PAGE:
the integrity of the person selling the puppy(please print these out and use them when you go
to see the breeders or people selling the puppy:
- Do both parents (the sire and dam) have a hip clearance from the
OFA (Orthopedic Foundation for Animals)? PennHip?
Ask to see the certificates. Don't be fooled by someone telling you that they will send you the information after
you buy the puppy or someone who says their vet never thought it was nessessary or that the vet okayed the x-ray.
Make sure both parents are at least 2 years old. Final hip clearances cannot be obtained before that age.
- Do both parents have Chrondodysplasia
(CHD) certificates? These certificates are issued by the Alaskan Malamute Club of America after the
probability of this disfiguring condition is evaluated.
- Do both parents have current eye clearances from an Ophthalmologist or CERF certificate (Canine Eye Registry)?
This must be re-done every year on breeding stock so your reputable breeder will have the certificates to show
you on both parents. Malamutes suffer from genetic eye diseases such as
juvenile cataracts, day
blindness, and progressive retinal atrophy.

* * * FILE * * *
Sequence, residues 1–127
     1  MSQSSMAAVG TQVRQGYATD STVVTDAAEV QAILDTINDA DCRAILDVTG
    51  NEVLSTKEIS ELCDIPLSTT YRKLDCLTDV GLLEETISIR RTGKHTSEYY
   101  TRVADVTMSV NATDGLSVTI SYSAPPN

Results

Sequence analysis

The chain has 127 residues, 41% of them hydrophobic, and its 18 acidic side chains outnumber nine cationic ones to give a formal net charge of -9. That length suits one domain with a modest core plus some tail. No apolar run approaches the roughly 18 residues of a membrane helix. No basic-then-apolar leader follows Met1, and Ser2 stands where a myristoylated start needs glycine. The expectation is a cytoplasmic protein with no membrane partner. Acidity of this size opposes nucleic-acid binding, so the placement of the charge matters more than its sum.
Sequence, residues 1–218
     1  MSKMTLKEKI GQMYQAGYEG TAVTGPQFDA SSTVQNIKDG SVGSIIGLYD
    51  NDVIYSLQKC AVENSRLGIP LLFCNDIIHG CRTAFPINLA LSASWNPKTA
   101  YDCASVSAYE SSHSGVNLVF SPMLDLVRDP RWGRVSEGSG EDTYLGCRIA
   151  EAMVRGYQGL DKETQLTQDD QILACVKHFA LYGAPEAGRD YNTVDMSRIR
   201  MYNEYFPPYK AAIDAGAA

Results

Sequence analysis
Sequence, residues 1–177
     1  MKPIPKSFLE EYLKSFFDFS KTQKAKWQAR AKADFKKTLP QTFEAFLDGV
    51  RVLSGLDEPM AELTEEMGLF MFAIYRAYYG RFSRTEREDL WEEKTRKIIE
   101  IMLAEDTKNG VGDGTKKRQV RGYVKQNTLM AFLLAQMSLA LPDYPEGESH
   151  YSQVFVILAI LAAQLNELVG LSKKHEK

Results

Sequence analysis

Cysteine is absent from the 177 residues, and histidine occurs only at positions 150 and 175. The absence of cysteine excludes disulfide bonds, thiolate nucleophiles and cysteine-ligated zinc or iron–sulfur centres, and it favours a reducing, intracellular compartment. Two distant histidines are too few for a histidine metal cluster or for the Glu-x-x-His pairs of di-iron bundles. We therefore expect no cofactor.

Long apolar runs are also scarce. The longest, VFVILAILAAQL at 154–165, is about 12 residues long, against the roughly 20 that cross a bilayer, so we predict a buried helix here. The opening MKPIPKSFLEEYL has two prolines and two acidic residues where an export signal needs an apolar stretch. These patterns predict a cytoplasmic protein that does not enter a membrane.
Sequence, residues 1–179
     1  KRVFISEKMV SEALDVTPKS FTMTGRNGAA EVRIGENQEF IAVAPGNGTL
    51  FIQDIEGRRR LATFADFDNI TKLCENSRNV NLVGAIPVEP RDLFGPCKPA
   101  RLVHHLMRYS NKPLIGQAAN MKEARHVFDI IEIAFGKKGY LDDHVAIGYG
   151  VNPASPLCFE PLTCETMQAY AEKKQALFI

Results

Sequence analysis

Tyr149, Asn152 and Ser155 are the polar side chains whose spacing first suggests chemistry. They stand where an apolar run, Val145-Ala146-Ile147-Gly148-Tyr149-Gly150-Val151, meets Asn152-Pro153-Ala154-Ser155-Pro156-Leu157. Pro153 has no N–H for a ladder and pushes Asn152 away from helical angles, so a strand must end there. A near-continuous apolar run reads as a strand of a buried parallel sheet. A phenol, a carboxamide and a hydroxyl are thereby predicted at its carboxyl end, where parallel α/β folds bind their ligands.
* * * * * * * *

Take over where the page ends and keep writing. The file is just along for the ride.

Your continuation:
- Do both parents have clearances for hypothyroidism?
This is another problem Malamutes can have and some breeders are now checking for it.
- A responsible breeder will keep track of the clearances of grandparents, great grandparents,
sisters and bothers etc of the puppies parents. Ask about this and ask what if any problems that
have occurred in the lines and what has been done to prevent them from occurring.
- Does the breeder an active member of the
Alaskan Malamute Club of America (AMCA)
and/or a local All-Breed Club? Such clubs have a code of ethics that the breeder agrees to follow.
Membership does not necessarily mean that a breeder is reputable but if they are active in
their club they probably have the dogs best interests at heart. Ask them what they do for their club!
- Does the breeder have only malamutes?
- Does the breeder only have one litter? If they have more than one breed of dog in their kennels
and they are breeding them this maybe a sign of someone mass producing puppies. If there is more
than one litter at a time it may mean they are breeding for profit, rather than trying to improve
the breed. Feel free to question a breeder about their dogs, how often they breed and why they breed.
- Will the puppy have a limited registration with the AKC and a mandatory spay/neuter contract?
- Will the breeder have a written guarantee against congenital health or temperament problems?
A reputable breeder will want pet dogs spayed/neuter and with limited registration.
A limited registration means that the dog is being sold as a pet and not as breeding stock,
therefore you will not be able to enter conformation dog shows. Any puppies genertated by
a limited registration dog are not eligible for registration with the AKC. Many pet stores will
give health guarantee but you should read it very closely. Most pet stores will not cover
anything past the dogs second birthday, most breeders will extend that time.